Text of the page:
It is a day after New Year. I am in the ultrasound room – the doctor has asked me to get my right breast examined. My name is announced. I don that silly robe which could put the entire nudist colony to shame. Cold blobs of gel are squirted on the breast. The hard, rude probe follows. An indifferent sonographer. A bored nurse. About four minutes of snooping around mammary-land.
Could it be cancer? …….Naaah! No-one in the family has it. Some stupid fleshy lump, I guess. I need to lose weight. That’s it. The radiologist announces all of sudden – Okay – it looks like cancer only .Phlegmatic, indolent announcement. Loud. Care-a- damn loud.
What? WHAT? What did she say? I stare. I start shivering.
I could have cried. Maybe, yelled. Or, shrieked. Held her by her shoulders and done a filmy, ‘kyon, kyon, kyon, keh do ki yeh jhoot hai?’ So many options. But I choose to shiver. Violently. The voices in the background grind into an invisible mixie. In the next few days, when I should have been partying and breaking New Year resolutions, I am operated. It is a full mastectomy followed by reconstruction. When I regain consciousness, I feel like I have been out for an hour or so. But, it has been, actually a gruelling 8 hour surgery. ‘I have good news for you’, smiles my pretty doctor, ‘the cancer was contained in the breast. It had not reached the lymph nodes.’ I smile weakly at the first piece of good news in the year. The next eight days are painful.
Sharp Pain. Dull Pain. Slicing Pain. Hopping Pain. Spiralling pain. I have had caesarean section deliveries in the past. But this is worse. And, no baby either. But I have learnt, suddenly, to be grateful for being alive. It’s a soft, beautiful feeling that pats me on the cheeks and wakes me every morning. Nothing negative matters now. The first three days are unbearable. My head pounds. After-effects of seven hours of anaesthesia.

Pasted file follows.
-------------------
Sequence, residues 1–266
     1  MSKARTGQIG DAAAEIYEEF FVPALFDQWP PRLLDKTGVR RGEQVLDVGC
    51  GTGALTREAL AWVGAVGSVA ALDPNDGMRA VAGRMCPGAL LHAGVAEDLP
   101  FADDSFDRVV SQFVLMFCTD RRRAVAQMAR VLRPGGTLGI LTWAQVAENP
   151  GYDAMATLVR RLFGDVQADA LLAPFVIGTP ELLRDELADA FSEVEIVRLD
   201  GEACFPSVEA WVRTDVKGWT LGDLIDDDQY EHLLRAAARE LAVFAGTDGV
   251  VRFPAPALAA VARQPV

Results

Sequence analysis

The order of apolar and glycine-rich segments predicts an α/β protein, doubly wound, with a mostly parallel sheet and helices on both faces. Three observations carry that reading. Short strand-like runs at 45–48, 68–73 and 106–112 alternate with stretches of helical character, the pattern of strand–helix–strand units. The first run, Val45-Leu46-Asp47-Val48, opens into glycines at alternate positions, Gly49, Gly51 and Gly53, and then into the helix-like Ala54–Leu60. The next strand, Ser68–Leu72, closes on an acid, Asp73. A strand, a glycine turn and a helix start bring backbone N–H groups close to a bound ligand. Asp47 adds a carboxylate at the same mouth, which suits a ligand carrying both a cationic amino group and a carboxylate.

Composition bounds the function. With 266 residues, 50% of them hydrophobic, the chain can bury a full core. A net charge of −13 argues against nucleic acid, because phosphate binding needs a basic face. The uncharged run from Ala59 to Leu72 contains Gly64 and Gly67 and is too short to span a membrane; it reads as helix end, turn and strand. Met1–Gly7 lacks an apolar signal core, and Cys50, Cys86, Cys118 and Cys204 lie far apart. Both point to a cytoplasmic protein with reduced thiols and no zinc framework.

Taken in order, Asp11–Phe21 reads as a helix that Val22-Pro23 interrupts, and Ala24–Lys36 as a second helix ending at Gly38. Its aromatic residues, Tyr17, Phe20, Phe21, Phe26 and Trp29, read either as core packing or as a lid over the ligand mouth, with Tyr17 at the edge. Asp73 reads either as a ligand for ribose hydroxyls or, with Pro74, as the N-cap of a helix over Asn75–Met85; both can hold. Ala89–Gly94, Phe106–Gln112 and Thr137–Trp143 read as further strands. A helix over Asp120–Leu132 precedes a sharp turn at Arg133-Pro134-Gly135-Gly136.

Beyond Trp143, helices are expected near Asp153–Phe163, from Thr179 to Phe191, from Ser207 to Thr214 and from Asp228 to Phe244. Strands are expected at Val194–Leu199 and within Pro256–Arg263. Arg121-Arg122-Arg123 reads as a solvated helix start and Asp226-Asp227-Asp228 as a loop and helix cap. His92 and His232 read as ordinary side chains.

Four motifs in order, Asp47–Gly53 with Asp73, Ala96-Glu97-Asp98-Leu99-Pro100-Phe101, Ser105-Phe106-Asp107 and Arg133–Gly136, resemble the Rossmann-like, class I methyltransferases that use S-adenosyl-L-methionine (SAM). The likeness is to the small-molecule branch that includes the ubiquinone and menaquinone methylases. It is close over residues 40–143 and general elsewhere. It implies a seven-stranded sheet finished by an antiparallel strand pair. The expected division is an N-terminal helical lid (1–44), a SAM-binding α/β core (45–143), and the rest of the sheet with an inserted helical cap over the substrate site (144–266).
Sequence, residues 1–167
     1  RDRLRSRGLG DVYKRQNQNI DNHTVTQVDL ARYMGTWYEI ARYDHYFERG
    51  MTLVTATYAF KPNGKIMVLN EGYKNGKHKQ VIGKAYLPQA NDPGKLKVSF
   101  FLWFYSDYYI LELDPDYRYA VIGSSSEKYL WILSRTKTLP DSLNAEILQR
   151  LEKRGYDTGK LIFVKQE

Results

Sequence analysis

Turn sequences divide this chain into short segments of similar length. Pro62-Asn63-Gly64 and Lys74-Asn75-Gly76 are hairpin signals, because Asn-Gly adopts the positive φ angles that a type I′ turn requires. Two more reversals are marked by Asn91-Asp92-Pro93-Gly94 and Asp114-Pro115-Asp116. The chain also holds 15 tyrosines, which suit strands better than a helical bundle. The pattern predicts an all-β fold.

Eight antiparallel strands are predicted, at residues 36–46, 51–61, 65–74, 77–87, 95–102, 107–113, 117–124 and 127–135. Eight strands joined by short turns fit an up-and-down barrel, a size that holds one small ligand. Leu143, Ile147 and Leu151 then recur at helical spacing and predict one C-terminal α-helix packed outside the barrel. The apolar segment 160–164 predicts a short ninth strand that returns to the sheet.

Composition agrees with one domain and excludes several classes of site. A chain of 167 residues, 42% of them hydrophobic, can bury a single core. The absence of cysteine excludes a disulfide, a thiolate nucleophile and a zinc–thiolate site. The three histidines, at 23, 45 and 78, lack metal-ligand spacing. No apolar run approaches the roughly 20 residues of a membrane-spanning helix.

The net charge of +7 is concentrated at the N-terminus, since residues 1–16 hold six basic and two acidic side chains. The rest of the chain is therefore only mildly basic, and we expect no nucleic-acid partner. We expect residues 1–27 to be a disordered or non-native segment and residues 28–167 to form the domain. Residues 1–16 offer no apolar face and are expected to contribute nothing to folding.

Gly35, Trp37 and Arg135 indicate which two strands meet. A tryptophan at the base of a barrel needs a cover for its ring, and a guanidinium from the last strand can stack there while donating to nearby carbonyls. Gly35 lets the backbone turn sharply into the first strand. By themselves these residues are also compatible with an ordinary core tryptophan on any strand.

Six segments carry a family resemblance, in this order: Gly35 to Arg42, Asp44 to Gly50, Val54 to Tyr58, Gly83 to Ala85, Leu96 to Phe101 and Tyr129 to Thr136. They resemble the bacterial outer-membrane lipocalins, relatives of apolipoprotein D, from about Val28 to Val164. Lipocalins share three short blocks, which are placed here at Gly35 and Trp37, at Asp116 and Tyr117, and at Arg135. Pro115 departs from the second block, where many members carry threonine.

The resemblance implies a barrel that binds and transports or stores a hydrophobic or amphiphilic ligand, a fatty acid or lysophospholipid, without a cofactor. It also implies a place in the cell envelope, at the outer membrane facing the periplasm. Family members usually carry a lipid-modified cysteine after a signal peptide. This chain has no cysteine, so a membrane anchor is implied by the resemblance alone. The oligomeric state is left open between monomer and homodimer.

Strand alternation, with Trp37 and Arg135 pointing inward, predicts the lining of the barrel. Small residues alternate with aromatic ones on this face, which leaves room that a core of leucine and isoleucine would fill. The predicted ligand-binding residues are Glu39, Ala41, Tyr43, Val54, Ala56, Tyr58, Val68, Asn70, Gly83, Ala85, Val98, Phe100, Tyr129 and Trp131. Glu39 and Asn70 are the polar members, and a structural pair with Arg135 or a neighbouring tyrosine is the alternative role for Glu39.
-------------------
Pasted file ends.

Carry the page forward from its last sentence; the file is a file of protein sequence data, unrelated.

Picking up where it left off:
Maybe. I have tubes coming out my body. They are attached to containers that look like Chinese lanterns. Five sets of tubes and lanterns. I can’t move much. But, that was the easy part, I learn. The tough part begins now. It’s called Chemotherapy. I have 16 rounds of chemotherapy. Every time, within a day of the dose administration, I am throwing up.
Lifeless. Helpless. Sometimes I don’t feel strong enough even to breathe. I try to keep myself hydrated. It feels like tiny terrorists have infiltrated into my body and are destroying everything in sight. It’s so hard not to cry.
I am poked every week. Blood tests. Monitoring. I am hairless. Weak – it takes a huge effort to even take a bath and get dressed. Eight months are over. My chemotherapy ends. The doctor tells me I am fine. It takes me a few months to get my strength back. Yoga, eating lots of fruits and vegetables and exercising daily helps. I am back in business.
Breast cancer instances are rising in India too. The key is that we don’t pretend-live in our own
beliefs of immunity against it: anyone can get it – there is no known reason for it. It is important to be vigilant, do regular self-examinations and a mammogram once a year if you are above 40. Regular exercise is key. It’s wonderful that many women have taken to running. I too shall be running the Pinkathon 2017 to spread the message.
More strength to Pink sisters!
Rachna Singh is a writer with five published books. She is one of India’s leading humour writers.